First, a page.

BUDAPEST (Reuters) - Hungarian Prime Minister Viktor Orban condemned on Sunday the European Union’s failure to get to grips with its migrant crisis and vowed to resist pressure to take in more migrants, saying they would bring crime, terrorism and other problems.
Orban has long been known for his fiery right-wing rhetoric, but in his annual state of the nation address he struck a particularly harsh tone toward the refugees and Brussels over its attempts to impose migrant quotas on member states.
“We cannot let it force upon us the sour fruits of their misguided immigration policy. We want to import no crime, terrorism, homophobia or anti-Semitism to Hungary,” he said, adding the quota system could cause the EU’s disintegration.
Orban, who has been widely criticized for building a razor-wire fence along Hungary’s southern border to keep migrants out, referred to growing social tensions in Europe, including attacks on refugee centers and alleged mass sexual harassment by migrants in Cologne and other German cities at New Year.
“There will be no lawless districts in Hungarian cities. There will be no riots, no refugee camps set on fire and no gangs will hunt for our wives and daughters,” he said, using characteristically blunt language.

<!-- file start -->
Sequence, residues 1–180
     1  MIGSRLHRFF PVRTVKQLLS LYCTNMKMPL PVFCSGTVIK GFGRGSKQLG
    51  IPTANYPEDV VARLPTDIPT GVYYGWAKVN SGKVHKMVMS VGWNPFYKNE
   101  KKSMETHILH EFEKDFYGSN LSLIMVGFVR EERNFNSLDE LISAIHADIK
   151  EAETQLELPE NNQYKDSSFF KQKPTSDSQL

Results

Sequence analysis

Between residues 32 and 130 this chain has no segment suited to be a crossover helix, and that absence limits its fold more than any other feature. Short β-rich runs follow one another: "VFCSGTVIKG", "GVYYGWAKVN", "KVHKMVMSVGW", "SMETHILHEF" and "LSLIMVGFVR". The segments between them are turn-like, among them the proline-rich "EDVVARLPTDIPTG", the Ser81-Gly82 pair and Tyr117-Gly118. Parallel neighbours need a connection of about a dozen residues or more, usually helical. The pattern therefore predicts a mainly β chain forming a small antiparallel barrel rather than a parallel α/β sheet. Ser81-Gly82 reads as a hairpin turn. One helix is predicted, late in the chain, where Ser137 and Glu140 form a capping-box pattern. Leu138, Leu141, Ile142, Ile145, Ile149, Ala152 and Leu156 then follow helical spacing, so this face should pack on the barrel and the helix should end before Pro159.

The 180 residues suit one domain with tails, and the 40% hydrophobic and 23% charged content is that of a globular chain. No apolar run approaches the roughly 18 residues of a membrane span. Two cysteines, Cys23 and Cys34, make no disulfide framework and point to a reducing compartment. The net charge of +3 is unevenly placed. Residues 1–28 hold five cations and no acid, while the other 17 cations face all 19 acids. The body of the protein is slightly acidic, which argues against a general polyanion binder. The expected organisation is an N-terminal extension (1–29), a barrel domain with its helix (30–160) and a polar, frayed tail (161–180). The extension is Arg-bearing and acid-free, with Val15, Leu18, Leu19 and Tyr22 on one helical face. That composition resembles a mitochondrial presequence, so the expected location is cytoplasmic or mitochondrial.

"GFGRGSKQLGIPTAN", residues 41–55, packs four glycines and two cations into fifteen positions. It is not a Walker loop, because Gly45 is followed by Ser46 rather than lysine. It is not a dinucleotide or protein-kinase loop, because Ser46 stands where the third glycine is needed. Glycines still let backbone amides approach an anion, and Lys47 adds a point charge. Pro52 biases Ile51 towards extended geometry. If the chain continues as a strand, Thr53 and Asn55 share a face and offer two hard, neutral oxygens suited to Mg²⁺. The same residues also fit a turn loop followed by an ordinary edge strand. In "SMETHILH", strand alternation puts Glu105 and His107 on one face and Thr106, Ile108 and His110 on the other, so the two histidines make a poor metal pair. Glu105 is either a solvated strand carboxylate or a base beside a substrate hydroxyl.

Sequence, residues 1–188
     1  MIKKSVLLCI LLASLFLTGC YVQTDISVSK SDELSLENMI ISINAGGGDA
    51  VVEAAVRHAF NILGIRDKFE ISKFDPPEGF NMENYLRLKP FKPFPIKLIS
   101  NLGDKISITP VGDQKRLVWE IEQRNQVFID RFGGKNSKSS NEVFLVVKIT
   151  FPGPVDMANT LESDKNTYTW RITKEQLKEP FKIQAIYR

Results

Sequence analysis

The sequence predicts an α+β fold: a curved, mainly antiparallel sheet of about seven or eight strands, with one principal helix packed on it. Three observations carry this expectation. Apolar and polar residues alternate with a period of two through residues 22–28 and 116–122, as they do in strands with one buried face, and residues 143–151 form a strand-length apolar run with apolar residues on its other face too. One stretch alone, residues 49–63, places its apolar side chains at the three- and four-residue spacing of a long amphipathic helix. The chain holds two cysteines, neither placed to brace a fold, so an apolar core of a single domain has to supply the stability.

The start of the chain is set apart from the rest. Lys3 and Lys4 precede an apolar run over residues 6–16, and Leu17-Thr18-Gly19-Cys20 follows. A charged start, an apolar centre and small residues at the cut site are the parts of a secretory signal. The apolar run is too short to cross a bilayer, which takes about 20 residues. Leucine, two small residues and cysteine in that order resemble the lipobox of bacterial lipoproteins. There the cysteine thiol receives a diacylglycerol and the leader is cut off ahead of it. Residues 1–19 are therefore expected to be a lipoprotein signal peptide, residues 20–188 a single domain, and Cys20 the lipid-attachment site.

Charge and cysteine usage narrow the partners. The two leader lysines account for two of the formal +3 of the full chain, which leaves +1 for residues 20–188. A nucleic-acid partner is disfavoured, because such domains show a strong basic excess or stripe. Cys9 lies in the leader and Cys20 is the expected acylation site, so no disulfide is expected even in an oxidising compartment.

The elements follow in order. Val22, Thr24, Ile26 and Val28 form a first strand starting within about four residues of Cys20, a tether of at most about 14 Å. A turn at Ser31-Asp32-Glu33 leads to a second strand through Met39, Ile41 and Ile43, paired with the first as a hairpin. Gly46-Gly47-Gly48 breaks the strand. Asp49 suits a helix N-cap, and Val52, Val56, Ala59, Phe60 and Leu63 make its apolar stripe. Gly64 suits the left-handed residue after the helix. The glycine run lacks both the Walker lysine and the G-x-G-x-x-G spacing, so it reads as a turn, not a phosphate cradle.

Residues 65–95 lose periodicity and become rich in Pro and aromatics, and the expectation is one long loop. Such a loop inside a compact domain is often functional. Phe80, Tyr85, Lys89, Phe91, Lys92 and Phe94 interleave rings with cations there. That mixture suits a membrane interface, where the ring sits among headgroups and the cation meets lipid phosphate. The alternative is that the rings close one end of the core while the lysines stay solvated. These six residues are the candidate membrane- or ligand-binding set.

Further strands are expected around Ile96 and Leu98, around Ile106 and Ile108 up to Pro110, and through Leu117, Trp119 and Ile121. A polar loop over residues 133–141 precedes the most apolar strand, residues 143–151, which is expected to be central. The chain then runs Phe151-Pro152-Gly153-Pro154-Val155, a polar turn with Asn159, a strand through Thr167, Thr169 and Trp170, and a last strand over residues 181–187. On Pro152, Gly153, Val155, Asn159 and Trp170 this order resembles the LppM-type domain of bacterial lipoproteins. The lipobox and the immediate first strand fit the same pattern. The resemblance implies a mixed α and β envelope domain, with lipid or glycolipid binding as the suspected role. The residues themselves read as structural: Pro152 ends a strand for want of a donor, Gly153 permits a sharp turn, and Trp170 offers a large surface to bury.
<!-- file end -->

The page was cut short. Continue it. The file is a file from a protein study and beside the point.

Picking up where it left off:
“In Hungary, we will nip in the bud and punish even the slightest attempts at such things,” Orban said, adding that he wanted to fortify and possibly extend the border fence.
More than a million migrants, many escaping war and poverty in Syria and elsewhere, have fled to Europe over the last year, many passing through Hungary en route for wealthier western European nations, especially Germany.
Orban, 52, has often framed his approach to the migrant crisis as a defense of Europe’s Christian culture and heritage against the tide of mostly Muslim migrants.
“The migration wave can be stopped,” he said. “Europe is a community of half a billion people, more than Russia and the United States combined. Europe has the technology, the strategic and economic might to defend itself,” he said.
Orban said he did not blame the migrants for only doing “what they think is best for them” by coming to Europe but European leaders for failing to devise coherent policies to stem and reverse the tide.
Reporting by Marton Dunai; Editing by Gareth Jones